Health-related quality of life and psychosocial impacts of a diagnosis of non-specific genital infection in symptomatic heterosexual men attending UK sexual health clinics: A feasibility study

Rachel Hill-Tout, Emma M. Harding-Esch, Agata Pacho, Martina Furegato, Sebastian S. Fuller*, Syed Tariq Sadiq

*Corresponding author for this work

Research output: Contribution to journalArticlepeer-review

Abstract

Introduction Non-specific genital infection (NSGI; non-Chlamydia trachomatis, non-Neisseria gonorrhoeae-associated urethritis) is a common diagnosis in symptomatic heterosexual men attending UK sexual health clinics (SHCs). but little is known about the psychosocial impact of this diagnosis. Methods We conducted an observational study among symptomatic heterosexual men attending SHCs to evaluate the psychosocial impact of an NSGI diagnosis compared with a diagnosis of Chlamydia trachomatis (CT), Neisseria gonorrhoeae or no abnormalities detected focusing on the feasibility of our study methodology. Participants completed a computer-assisted self-interviewing (CASI) including two validated measures of psychosocial impact: the EQ-5D-5L health-related quality of life and Rosenberg Self-Esteem Scale, before diagnostic testing and 2 weeks after receiving test results (follow-up 1 (FU-1)) and a qualitative interview. We compared scores between diagnostic groups using paired t-tests, qualitative data were analysed thematically and feasibility was assessed by process analysis. Results 60 men completed the baseline CASI (75% response rate). 46 (76.6%) were eligible for follow-up; 11/46 (23.9%) completed the follow-up CASI, and 3/11 (27.3%) completed the qualitative interview. 81.7% of all participants left CASI feedback at baseline: 73.5% reported the questionnaire as 'fine' or 'very good'. Qualitative interview participants reported the study was acceptable. Compared with baseline, among patients completing FU-1, only patients with a diagnosis of NSGI (p<0.05) or CT (p<0.05) showed increased EQ-5D-5L Index, whereas patients with a diagnosis of NSGI (p=0.05) showed decreased mean Rosenberg Self-Esteem Scale score. Conclusions Although most participants indicated study acceptability at baseline, and we employed measures to increase retention (CASI questionnaires, reminder messages and a focus on men's health), we experienced high loss to follow-up. We found that heterosexual men attending SHCs with symptoms of urethritis experience both positive and negative psychosocial impacts following their clinic attendance, which warrants further investigation.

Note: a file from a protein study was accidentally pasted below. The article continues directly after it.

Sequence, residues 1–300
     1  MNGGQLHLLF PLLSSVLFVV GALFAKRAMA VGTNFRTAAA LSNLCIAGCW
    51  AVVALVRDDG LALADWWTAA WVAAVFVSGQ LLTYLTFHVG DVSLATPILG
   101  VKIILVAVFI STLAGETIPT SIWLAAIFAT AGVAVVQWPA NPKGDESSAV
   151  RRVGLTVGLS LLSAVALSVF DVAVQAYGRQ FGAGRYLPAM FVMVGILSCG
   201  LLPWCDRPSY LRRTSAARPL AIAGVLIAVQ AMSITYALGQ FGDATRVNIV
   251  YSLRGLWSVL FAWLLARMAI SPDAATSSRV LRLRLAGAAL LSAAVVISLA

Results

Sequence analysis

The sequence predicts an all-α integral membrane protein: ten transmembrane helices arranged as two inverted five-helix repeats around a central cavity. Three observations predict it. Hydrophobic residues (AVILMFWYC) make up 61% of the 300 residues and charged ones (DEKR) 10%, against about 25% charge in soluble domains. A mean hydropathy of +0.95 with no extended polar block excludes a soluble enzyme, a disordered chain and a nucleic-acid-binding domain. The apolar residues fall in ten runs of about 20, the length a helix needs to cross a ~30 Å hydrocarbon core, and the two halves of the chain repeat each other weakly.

Original languageEnglish
Article numbere018213
JournalBMJ Open
Volume8
Issue number6
DOIs
Publication statusPublished - 1 Jun 2018

Bibliographical note

Funding Information:
Funding This study was funded by an Innovate UK (SBRI grant no. 971452) awarded to Atlas Genetics Ltd.

Funding Information:
Competing interests The Applied Diagnostic Research and Evaluation Unit at St George’s, University of London (STS, EMH-E, SF and AP) receives funding from the National Institute of Health Research (NIHR) i4i Programme (grant number II-LB-0214-20005), Atlas Genetics, Alere, Hologic Cepheid, SpeeDx, Sekisui and Becton Dickinson to develop Point of Care Tests for STIs.

Keywords

  • genitourinary medicine
  • genitourinary medicine
  • qualitative research

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